The nine Countries participating in the Pilot study are; Mexico, El Salvador, Costa Rica, Panama, Colombia, Venezuela, Trinidad and Tobago, St Lucia and the Dominican Republic.
Project activities have been coordinated by the Basel Convention Regional Centers for Training and Technology Transfer (BCRCs) in San Salvador (MARN) (for Central America) and Trinidad and Tobago (for the Caribbean) with support from the Basel Secretariat (SBC). Assistance has also been given by the University of the West Indies (UWI) through its Department of Chemistry in Trinidad, the United Nations Conference on Trade and Development (UNCTAD) and the International Lead Management Center (ILMC).
Trinidad Workshop I
Prior to the start of the study a project launching two-day workshop was held in Trinidad in May 2001. Attendance was limited to the national coordinators of the project from each target country and representatives of the BCRC in San Salvador and Trinidad, the Cleaner Production Centers (NCPC) in the participating countries, the SBC, UNCTAD, and the ILMC.
The Workshop provided an ideal forum to:
- Confirm and explain the terms of reference for the project;
- Determine and agree the relevant data and information that would need to be collected in the country assessment phase;
- Decide where and how to find the best information sources;
- Establish the extent and scope of the field surveys;
- Set out an agreed timetable for data collection and assimilation;
- Facilitate the planning of the second phase of the project involving the collation and interpretation of the information collected in the first phase and a second workshop to consider and discuss the results of the study to decide on the most appropriate national and regional strategies for the ESM of ULAB.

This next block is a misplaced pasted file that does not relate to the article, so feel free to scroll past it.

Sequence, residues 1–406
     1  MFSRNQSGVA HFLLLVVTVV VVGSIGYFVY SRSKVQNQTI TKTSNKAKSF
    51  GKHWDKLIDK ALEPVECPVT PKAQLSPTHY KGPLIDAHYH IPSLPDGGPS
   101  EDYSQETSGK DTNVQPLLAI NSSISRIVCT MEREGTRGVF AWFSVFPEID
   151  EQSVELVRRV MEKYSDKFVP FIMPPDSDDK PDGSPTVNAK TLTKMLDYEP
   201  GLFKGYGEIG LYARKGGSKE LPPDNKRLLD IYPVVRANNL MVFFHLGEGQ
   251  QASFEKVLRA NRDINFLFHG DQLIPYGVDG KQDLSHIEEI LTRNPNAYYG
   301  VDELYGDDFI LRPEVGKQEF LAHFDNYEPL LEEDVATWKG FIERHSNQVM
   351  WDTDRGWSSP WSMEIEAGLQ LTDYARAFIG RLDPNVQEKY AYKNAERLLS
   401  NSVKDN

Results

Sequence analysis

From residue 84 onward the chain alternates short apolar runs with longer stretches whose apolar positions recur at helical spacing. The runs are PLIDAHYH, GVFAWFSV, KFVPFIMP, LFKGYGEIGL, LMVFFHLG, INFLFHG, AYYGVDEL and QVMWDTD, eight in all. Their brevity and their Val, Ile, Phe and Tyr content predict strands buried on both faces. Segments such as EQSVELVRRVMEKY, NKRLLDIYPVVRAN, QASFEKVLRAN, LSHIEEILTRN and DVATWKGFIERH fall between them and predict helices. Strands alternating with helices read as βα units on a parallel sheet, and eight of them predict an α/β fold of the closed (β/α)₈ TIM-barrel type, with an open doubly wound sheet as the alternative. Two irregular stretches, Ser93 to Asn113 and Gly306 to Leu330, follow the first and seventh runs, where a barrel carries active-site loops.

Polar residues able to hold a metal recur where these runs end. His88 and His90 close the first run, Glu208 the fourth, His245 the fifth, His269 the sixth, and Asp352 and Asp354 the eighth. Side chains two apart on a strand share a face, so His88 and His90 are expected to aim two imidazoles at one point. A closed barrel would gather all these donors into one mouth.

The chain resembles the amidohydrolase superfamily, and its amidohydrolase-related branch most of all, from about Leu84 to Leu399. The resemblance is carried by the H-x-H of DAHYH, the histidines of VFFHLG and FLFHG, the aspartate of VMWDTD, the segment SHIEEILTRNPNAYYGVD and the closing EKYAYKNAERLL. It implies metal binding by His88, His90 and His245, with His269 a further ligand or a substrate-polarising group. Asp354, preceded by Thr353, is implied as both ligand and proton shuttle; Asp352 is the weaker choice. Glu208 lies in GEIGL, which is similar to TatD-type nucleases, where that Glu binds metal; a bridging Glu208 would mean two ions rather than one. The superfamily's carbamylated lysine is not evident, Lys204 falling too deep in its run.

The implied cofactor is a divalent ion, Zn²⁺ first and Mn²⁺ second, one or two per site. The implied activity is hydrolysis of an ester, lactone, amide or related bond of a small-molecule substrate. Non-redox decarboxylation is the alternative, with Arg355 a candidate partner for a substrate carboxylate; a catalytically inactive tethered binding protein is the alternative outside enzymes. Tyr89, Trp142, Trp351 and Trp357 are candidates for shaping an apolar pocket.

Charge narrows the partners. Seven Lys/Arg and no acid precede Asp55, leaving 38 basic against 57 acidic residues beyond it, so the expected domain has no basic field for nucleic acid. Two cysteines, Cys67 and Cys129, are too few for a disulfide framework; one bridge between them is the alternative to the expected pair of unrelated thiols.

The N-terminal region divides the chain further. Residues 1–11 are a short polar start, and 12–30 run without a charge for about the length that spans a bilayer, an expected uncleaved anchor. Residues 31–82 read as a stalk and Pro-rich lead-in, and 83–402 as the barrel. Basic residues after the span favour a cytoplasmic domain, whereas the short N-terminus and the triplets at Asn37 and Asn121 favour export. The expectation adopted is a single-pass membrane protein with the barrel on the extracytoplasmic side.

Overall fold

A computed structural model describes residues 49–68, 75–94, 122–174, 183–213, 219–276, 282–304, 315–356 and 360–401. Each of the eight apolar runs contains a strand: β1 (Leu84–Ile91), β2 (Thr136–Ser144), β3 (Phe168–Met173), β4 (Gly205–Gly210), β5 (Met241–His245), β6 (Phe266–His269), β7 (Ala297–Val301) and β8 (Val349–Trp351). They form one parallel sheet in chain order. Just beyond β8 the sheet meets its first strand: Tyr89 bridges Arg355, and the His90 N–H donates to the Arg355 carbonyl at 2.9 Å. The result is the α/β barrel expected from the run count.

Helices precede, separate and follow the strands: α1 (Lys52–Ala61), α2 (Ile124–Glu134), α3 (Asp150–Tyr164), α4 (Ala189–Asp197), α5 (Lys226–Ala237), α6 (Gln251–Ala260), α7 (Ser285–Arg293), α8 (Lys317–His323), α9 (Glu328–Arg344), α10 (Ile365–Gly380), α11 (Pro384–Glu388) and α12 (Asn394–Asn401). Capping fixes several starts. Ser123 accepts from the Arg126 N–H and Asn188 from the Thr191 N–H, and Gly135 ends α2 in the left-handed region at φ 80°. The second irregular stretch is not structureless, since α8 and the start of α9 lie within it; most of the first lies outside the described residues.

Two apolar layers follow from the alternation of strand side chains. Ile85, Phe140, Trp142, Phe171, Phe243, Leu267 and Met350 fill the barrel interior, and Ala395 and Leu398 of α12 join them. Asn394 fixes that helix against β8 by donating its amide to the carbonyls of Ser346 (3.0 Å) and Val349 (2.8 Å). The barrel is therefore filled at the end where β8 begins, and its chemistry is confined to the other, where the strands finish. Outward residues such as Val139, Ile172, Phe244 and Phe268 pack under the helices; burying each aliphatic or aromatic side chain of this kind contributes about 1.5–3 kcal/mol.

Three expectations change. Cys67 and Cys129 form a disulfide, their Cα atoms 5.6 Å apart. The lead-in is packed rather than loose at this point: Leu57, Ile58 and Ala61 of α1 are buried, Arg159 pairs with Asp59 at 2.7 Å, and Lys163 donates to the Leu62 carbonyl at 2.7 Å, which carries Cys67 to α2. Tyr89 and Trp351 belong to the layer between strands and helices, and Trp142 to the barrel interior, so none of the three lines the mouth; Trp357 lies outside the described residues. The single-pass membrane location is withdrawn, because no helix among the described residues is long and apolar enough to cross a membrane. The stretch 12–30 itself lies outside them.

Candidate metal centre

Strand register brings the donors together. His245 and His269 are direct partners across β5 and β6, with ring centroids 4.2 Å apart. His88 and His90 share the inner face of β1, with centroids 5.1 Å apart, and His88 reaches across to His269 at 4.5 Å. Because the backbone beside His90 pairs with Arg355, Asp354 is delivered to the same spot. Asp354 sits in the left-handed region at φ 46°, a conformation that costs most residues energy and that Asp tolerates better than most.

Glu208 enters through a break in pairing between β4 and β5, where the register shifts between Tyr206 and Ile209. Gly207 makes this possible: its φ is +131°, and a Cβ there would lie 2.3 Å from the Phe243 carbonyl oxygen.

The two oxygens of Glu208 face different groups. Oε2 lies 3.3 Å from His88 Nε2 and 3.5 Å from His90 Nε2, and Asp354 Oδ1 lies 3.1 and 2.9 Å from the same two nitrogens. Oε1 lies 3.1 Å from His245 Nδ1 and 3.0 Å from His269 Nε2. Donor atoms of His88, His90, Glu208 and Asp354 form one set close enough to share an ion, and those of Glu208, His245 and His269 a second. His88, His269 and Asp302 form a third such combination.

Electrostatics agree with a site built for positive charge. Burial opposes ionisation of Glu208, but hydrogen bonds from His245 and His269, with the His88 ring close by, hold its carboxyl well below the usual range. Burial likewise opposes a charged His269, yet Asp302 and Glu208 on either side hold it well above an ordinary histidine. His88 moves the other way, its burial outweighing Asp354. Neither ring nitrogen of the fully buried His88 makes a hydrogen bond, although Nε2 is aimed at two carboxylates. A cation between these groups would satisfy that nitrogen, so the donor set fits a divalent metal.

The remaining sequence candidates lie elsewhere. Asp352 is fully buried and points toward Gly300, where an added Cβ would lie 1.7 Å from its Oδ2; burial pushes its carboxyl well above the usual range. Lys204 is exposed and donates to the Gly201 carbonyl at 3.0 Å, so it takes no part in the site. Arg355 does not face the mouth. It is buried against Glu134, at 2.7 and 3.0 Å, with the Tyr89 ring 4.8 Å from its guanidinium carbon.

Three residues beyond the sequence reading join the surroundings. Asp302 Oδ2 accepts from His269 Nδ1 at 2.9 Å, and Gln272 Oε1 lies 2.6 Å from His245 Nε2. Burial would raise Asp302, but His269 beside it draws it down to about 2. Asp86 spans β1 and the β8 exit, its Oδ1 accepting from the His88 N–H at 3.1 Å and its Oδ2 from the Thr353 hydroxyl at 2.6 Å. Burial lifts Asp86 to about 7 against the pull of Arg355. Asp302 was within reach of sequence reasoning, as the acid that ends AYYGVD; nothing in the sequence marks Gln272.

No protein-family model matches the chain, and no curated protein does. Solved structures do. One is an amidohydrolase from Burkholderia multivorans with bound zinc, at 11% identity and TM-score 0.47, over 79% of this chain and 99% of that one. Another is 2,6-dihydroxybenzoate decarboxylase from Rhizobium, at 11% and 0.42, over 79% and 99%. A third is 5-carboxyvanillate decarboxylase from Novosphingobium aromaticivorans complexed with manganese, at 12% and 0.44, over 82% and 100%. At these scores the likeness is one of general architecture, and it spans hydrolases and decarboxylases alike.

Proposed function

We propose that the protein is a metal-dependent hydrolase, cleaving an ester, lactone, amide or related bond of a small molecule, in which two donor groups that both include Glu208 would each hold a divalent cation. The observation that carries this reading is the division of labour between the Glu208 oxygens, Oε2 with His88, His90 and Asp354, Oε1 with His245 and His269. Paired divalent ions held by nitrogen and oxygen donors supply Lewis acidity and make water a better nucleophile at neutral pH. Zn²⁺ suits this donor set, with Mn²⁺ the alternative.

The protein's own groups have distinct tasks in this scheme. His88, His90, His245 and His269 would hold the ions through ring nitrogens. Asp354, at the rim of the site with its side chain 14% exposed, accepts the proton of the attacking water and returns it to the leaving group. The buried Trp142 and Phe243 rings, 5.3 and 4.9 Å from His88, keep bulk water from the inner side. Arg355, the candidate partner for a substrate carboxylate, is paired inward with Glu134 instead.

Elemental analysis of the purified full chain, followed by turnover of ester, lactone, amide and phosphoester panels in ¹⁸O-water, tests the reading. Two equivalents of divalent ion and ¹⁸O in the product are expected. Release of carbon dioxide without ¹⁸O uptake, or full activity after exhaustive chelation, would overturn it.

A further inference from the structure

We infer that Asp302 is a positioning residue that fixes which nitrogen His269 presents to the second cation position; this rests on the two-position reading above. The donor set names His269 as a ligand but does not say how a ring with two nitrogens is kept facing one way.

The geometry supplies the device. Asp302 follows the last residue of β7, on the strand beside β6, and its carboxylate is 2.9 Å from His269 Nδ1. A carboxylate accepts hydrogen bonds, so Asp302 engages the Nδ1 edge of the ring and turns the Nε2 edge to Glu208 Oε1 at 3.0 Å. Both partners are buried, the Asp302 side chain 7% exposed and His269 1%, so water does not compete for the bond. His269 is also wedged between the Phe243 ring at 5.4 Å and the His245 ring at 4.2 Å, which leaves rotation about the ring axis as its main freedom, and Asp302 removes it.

After discussion of the many exposure issues facing the participating countries, all delegates agreed that the study should proceed on the following basis:
- The assessment phase would aim to tabulate relevant legal requirements, automotive battery consumption statistics, estimate annual leaded scrap generation, determine the export and import of lead containing scrap, ULAB collection schemes and develop a list of the recycling facilities.
- The field surveys, including those undertaken by the ILMC, would assess environmental and occupational performance levels at recyclers identified in the first part of the study.
- CARIRI would conduct a legislative survey of the participating countries.
- ILMC would complete a technical survey of the processes found in use in the region and assess the potential for improved environmental performance.
- A second regional battery recycling workshop targeting the countries in Central America and the Caribbean would then be convened to discuss the findings of the assessment phase; examine the various lead exposure issues; review options for the design and implementation of appropriate national ESM Strategies for battery collection and recycling; and consider possibilities for regional cooperation.
San Salvador Workshop I
The Second Workshop was duly held in November 2002 in El Salvador with the purpose of providing a forum for:
- Country Delegates to formally report the results of the National Surveys.
- Feedback from the SBC’s Analysis of the transboundary movements of ULAB in the Region.
- The ILMC to outline their recommendations for improving ESM arising from the Technical Survey of Recyclers.